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Separation bubble inside a tunnel - unexpected assymetric flow

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Old   January 15, 2014, 21:03
Default Separation bubble inside a tunnel - unexpected assymetric flow
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Good night for all,

I'm posting this message because I already tryied everything that I could but nothing worked. I'm sorry for the errors that I might do in english.

Well, I'm trying to simulate a bubble inside a wind tunnel generated by an adverse to favorable pressure gradient driven flow. I have attached a picture of the wind tunnel so it will help you to visualize the whole process.

I have just two known experimental boundary conditions: 25 m/s the flow velocity at the inlet and turbulence intensity of 0,003 (it's really low). At the outlet I'm setting opening, zero relative pressure and Default Intensity and Autocompute Length Scale. At the suction part, the same as at the outlet and no-slip for the wall.

I used two different turbulence models: k-epsilon and SST Menter. I know the first one is not good to predict well the location of separation and also the amount of separated flow. I used it just for comparison purposes.

For some reason that I don't know, the flow is not symmetric. I was not expecting to see something completely symmetric, but neither to see this flow skewness at the upper wall.

Could you please help me?

Thanks.

Matheus
Attached Images
File Type: jpg Fig. 2.jpg (27.7 KB, 27 views)
File Type: jpg Linhas parede.jpg (27.4 KB, 19 views)
File Type: jpg Tensão cisalhamento - linhas de corrente 2.jpg (49.6 KB, 24 views)
File Type: jpg Tensão cisalhamento - linhas de corrente.jpg (51.2 KB, 22 views)
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Old   January 15, 2014, 22:24
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First of all, have you checked the accuracy of your model? See FAQ: http://www.cfd-online.com/Wiki/Ansys..._inaccurate.3F

If you convince yourself the model is accurate then consider that it is common in fluid flow for symmetric geometries to result in asymmetric flows. Laminar vortex shedding behind a cylinder is a classic example.
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Old   January 16, 2014, 09:37
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Thanks for you response Mr. Ghorrocks,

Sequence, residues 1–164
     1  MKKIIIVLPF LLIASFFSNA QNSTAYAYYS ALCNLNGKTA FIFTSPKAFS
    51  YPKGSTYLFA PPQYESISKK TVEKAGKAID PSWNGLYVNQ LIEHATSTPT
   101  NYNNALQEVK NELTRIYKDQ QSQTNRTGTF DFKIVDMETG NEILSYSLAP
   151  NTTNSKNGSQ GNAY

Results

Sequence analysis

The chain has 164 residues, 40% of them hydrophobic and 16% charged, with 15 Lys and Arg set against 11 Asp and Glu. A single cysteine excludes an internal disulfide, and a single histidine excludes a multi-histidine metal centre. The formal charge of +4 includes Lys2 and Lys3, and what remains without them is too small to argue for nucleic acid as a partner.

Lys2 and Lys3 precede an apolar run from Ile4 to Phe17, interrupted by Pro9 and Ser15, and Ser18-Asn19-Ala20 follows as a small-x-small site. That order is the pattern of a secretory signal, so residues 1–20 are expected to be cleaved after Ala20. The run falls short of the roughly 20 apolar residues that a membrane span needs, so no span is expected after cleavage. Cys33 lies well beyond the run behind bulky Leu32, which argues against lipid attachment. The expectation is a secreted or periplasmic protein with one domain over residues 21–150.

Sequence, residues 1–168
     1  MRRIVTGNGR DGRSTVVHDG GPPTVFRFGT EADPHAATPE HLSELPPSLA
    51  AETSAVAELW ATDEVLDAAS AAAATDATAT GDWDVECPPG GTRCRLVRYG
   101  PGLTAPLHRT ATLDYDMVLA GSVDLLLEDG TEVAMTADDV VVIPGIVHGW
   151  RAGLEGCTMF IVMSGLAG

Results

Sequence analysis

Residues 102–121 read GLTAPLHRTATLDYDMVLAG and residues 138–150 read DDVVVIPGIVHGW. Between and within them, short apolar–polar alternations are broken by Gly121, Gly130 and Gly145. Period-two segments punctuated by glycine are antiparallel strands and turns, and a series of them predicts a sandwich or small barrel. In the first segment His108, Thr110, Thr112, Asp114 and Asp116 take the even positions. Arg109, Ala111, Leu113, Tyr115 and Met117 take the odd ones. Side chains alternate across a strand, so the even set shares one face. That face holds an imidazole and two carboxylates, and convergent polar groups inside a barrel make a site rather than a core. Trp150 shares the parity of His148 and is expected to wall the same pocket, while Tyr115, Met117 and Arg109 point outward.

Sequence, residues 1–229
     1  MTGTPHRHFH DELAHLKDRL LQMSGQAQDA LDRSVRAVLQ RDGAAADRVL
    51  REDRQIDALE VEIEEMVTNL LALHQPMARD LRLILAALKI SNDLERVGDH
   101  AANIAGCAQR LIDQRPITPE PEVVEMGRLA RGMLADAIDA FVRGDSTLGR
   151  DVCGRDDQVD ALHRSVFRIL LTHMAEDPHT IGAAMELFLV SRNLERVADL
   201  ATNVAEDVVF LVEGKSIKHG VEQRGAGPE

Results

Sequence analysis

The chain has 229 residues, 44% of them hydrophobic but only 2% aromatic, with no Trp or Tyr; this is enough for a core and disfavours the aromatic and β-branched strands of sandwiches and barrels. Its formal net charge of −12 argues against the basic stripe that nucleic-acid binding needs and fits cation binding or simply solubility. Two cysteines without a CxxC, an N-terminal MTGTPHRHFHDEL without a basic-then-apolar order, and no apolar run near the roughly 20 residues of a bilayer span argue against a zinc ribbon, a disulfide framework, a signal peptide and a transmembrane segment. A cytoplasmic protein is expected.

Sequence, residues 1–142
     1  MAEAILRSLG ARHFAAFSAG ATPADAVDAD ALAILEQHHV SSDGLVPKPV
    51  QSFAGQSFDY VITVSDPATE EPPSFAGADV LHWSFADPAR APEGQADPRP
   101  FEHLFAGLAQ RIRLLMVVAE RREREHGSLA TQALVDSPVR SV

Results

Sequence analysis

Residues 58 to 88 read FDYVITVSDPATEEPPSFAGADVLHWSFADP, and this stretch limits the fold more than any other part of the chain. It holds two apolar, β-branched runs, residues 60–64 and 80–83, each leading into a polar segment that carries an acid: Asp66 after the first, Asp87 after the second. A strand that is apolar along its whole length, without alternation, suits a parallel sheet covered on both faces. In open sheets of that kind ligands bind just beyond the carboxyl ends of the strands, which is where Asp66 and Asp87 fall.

I read what you suggested me, and I'm quite sure, at least based on my knowledge on the physics of the problem and also the steps of simulation, that there is nothing wrong. However, the flow pattern expected to the upper wall of the wind tunnel is quite different from the experimental one I have (it is attached to this message).

As I'm using the SST Menter model, it shouldn't be sensitive to the Y+ value, anyways I've found values like 5.57, and smaller than 2.

The dimensions of the bubble and location of separation and reattachament are closer to the expected ones, the problem is with the symmetry at the upper wall.

Any idea what could be causing it?

Thanks,

Matheus
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File Type: jpg Flow pattern at the upper wall.jpg (97.4 KB, 13 views)
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Old   January 16, 2014, 18:06
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I see. To accurately model these secondary flows you are going to need a carefully validated model. Check all the parameters discussed in the FAQ I previously linked to. The most important is mesh size - if you have not checked your mesh is adequate then your model will be inaccurate.

Also 2 equation turbulence models often have challenges predicting secondary flows. You might need a Reynolds Stress model, or possibly a LES approach. But before you try any of that consider the optional stuff in SST such as curvature correction.
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Old   January 16, 2014, 22:39
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How can I properly check the mesh size? How to know the best element sizes?

I'm sorry asking these simple questions, but I am a "beginner". I'm reading a lot, but still...

Matheus
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Old   January 17, 2014, 06:17
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This is what he told me a few days ago in my thread, maybe it's helpful for you as well: